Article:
• Establish credentials for communication between your web application and Google.
  • Make a new login button for unauthenticated users to click.
  • Make a new callback handler. This sets up a cookie/session when Google assures you that user 12345 has clicked the login button.
  • Make account migration code in (or after) the callback handler, so you can recognize that user 12345 logging in with Google+ today is the same person as user https://google/accounts/o8/id?id=BlUrFl… who logged in with Google OpenID yesterday.

Step 0. Get ready.

Before getting to work, you need to make two easy decisions.
  • Your application’s realm. This is https://your-app.example.com/. It’s the same realm you used with OpenID. Usually, this is the root URI of your application.
  • Your OAuth2 callback URI. This is where you find out that a user is trying to log in to your app using Google. For our example we’ll use https://your-app.example.com/google-oauth2.php.

Step 1. Tell Google Developer Console how to recognize your web application.

  • Visit https://console.developers.google.com/project
  • Click “Create Project”. Give it a name and ID.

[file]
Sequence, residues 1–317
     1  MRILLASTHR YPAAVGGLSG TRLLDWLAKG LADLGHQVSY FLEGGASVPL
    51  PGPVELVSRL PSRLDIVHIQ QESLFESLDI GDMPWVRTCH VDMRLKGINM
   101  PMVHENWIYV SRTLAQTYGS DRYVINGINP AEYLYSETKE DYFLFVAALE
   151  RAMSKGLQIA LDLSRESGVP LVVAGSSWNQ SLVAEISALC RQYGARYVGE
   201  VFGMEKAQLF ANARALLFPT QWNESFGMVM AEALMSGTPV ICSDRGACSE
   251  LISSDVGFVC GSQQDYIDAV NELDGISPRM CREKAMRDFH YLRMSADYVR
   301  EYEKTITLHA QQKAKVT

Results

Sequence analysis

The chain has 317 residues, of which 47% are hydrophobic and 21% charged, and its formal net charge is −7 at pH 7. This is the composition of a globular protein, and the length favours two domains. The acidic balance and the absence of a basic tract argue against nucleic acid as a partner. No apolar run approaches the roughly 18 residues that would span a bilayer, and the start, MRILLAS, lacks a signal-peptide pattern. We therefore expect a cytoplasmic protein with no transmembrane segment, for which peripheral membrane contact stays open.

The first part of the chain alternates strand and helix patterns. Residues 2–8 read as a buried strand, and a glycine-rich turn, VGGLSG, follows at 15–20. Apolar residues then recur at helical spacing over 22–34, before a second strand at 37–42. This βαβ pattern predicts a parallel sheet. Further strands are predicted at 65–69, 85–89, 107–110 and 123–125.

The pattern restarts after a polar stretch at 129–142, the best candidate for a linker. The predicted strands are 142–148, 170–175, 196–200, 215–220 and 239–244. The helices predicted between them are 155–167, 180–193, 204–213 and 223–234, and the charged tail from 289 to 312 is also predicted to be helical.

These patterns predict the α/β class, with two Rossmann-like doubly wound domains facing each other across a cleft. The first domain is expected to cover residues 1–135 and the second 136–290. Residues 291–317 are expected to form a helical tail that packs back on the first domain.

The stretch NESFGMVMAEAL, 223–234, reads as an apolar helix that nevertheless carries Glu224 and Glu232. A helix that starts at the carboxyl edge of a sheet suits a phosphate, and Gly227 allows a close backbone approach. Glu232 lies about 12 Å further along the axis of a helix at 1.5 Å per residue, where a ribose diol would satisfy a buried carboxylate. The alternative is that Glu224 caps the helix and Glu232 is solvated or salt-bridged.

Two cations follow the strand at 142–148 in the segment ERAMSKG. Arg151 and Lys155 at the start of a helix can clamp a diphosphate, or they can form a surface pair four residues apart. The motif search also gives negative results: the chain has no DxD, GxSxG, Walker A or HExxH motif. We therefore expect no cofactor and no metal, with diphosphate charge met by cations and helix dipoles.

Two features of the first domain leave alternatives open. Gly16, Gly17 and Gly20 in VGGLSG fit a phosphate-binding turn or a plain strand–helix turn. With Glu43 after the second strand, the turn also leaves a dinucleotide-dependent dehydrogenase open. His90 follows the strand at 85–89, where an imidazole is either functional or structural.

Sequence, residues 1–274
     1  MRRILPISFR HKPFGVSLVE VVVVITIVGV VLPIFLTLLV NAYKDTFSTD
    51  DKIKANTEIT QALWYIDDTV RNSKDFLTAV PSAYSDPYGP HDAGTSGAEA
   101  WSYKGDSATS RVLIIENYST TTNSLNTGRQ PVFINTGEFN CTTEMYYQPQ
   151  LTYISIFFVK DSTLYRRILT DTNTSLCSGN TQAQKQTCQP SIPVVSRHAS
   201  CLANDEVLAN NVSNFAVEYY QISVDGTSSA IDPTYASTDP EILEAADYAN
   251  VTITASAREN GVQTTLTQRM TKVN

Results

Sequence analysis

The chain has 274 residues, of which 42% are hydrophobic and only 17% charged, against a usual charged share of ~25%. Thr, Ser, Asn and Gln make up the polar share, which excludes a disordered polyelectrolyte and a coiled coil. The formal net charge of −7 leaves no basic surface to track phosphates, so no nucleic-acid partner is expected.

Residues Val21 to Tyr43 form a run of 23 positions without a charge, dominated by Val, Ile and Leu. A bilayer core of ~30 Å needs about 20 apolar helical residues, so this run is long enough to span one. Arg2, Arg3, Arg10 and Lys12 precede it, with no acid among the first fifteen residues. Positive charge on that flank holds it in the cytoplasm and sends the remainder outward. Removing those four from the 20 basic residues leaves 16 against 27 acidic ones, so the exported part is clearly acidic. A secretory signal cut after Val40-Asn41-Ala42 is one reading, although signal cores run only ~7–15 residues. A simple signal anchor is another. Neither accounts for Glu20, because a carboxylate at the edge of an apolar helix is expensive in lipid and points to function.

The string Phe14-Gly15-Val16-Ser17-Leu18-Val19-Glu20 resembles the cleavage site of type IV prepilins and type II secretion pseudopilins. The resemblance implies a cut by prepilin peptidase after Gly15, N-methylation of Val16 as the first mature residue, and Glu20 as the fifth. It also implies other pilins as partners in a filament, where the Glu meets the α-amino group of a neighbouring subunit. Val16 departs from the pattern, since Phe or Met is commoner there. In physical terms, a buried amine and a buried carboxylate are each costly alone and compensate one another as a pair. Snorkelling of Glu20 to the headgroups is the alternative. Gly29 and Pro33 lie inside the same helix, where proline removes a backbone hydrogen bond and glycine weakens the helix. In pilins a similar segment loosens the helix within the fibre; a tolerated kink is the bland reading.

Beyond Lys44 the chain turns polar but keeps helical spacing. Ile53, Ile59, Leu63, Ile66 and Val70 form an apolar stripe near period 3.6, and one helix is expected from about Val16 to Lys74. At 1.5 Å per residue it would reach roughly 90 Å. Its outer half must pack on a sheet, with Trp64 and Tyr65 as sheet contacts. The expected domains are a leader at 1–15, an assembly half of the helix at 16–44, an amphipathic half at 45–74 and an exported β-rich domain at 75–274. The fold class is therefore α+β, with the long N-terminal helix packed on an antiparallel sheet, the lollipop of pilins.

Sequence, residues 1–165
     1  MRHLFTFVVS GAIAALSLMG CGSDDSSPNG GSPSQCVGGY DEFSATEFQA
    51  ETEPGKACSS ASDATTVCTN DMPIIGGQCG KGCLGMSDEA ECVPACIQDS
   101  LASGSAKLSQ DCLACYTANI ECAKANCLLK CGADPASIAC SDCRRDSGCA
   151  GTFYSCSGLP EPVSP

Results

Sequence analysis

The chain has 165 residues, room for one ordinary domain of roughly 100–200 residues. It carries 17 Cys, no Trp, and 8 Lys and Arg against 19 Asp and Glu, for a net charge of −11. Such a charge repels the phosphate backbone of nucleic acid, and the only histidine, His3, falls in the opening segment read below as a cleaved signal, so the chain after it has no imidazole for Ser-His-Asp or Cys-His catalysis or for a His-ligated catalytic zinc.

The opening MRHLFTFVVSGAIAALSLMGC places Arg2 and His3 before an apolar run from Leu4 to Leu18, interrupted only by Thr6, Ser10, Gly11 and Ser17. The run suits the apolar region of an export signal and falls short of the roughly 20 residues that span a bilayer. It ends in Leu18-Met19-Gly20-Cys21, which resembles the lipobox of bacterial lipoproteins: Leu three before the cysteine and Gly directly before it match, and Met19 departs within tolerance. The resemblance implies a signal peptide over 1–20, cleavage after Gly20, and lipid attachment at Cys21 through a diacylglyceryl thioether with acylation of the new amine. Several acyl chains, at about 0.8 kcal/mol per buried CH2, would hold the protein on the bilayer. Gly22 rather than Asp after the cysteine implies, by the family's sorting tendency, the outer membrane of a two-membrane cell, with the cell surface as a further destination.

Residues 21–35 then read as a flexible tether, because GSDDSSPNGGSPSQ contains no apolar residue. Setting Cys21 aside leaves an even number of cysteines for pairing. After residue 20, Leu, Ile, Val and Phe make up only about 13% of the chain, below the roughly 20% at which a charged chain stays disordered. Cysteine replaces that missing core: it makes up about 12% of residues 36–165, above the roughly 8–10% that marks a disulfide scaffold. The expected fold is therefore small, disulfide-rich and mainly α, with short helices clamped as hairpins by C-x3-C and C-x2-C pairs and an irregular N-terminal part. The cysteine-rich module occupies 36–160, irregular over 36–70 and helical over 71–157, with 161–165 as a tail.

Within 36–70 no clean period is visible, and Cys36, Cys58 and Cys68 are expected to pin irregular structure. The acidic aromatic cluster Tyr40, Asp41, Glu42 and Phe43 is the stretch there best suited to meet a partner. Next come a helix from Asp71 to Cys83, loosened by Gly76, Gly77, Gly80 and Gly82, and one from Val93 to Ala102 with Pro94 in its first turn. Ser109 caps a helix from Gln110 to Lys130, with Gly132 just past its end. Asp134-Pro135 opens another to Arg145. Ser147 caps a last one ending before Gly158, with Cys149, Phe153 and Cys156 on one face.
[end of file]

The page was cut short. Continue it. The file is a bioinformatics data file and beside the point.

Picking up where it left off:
• In the new project, click “APIs” in the “APIs & auth” section in the left nav.
  • Find “Google+ API” in the big list and enable it.
  • Click “Credentials” in the “APIs & auth” section in the left nav.
  • Under OAuth, click the “Create a new Client ID” button. In the dialog:
  • Application type: Web application
  • Authorized Javascript origins: https://your-app.example.com/
  • Authorized redirect URIs: https://your-app.example.com/google-oauth2.php
  • Yes, you can use stuff like “localhost:1234” in both of these fields, for testing.
  • Click “Create Client ID”
  • You should have a “Client ID for web application” table on the right.
  • Copy the client ID and client secret. You’ll need those soon.

Step 2. Make a new login button.